The growth of Barcelona’s foreign community

The Growth of Barcelona’s foreign community

As with other major cities, Barcelona is becoming increasingly heterogeneous with regards to its population. Globalisation, a progressive outlook as well as economic and technological advances are just some of the reasons that increasing numbers of foreigners are choosing the Catalan capital as their home.

Barcelona has gone from having a foreign community of just 1.5% in 1991 to over 22% at the beginning of 2021. The rise of the foreign population began in the first half of the last decade and has since remained relatively stable. Barcelona’s recent city census reveals some interesting micro trends about the city’s foreign population which we outline here.

Barcelona’s overall population has risen slightly during the last five years, mainly due to migration, but in 2020 it began to decrease. 6,200 residents left the city last year. This was down to increased mortality, a decreasing birth rate and slowing migration, all of which were a direct consequence of the Covid-19 pandemic.

Increase in foreign population by continent in Barcelona

Barcelona’s foreign population increased by 2.9% in 2020 however, and foreigners now account for 22.4%, or 371,527 of the total 1,660,314 people registered in the city.

The Italian and British community is growing

179 foreign nationalities currently reside in Barcelona. The nationality which saw the biggest increase during 2020 were the Italians who saw their population rise by 1,896 people out of a total of 41,759.

They were followed by the Columbians and then the British, who have seen their population increase from 9,025 at the beginning of 2020 to 10,086 at the start of 2021, mainly due to the exodus from the UK after Brexit. As well as the British, Columbians and Italians, the most common nationalities in Barcelona continue to be the French, Chinese, Pakistanis, Argentinians and Peruvians.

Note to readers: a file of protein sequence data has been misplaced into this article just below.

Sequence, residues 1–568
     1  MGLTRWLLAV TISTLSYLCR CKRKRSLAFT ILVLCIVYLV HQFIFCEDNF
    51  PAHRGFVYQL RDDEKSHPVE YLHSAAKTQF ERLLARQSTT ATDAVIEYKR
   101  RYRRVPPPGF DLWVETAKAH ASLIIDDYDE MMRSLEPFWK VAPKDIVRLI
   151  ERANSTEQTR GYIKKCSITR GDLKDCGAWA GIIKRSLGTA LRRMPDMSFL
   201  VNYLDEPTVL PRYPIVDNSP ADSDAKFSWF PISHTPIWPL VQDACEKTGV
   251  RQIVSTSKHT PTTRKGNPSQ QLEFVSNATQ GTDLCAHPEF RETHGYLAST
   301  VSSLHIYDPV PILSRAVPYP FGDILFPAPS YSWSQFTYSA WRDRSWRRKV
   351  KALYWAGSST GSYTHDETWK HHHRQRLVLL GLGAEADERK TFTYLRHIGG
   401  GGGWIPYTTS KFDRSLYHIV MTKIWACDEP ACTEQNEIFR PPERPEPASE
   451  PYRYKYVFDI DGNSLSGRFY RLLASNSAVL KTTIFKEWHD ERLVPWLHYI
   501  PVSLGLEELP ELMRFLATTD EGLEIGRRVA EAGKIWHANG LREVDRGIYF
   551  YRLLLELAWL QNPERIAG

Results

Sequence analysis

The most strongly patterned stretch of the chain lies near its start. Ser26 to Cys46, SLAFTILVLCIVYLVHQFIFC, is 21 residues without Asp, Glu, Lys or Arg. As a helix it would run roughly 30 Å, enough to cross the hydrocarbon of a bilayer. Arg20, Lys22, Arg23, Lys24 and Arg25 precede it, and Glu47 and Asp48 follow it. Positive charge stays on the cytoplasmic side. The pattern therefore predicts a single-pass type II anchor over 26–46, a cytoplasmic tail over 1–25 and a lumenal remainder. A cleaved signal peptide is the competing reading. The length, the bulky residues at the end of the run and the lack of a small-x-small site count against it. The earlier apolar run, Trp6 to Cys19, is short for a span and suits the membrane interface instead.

Increase number foreigners living in Barcelona according to their country

By continent, most of Barcelona’s foreign population is from Europe and the Americas with just under 130,000 people in each of the two groups, with increases of 3.5% and 2.7% respectively in 2020. Barcelona’s Asian population increased by 2.5% to 89,031, the number of African residents went up by 2.8% to 25,283 and Australasian residents increased by 3.1% to 638 by January 2021.

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Where foreigners choose to live in Barcelona

The increase in the foreign population in Barcelona during 2020 is apparent in 64 out of the city’s 73 districts. The greatest increases were seen in Eixample (+2,195 people) and Sant Martí (+1,352 people), the two most populated districts in the city.

Of the total number of foreigners registered in Barcelona, 68,272 (18.4%) currently live in the Eixample district, while in Ciutat Vella there are 57,734 foreigners (15.5%) followed by Sant Martí with 50,883 foreigners (13.7%).

Areas of Barcelona where foreigners live the most

“At Bcn Advisors we have mainly registered significant interest from US and French citizens in buying property in the city. Stable property prices, combined with the current low interest rates, mean that it is still an ideal time to invest in property in Barcelona, and sellers should also take advantage of this, as foreign buyers tend to offer higher prices,” says Francisco Nathurmal, founder and CEO of Bcn Advisors.

Profile of foreign residents in Barcelona

Regarding the profile of Barcelona’s foreigners, there is a fairly even split between men and women (183,076 women vs 188,451 men). Foreigners have an average age of 34.2 years, slightly higher than the previous year and almost 13 years less than the average Spaniard living in Barcelona.

EU foreigners are, on average, slightly older (34.7 years) than non-EU foreigners (34.0 years). 41.7% of foreigners living in Barcelona have a university degree and that figure increases to 62.9% when looking only at EU foreign residents, a proportion that is nearly twice the Spanish population. Almost 60% of foreigners living in Barcelona have been living there for between one and five years.

“Despite the limitations brought about by the pandemic, Barcelona continues to be a magnet for foreigners both for lifestyle and work. The city is consistently ranked highly for its quality of life, something which we are all valuing more since the health crisis. It is also a fast-growing hub for innovation and entrepreneurship with new start-ups emerging every month. Many who arrive thinking they are going to stay for a few years end up staying for much longer, choosing to have families and make this stylish and vibrant city their home,” comments Francisco Nathurmal.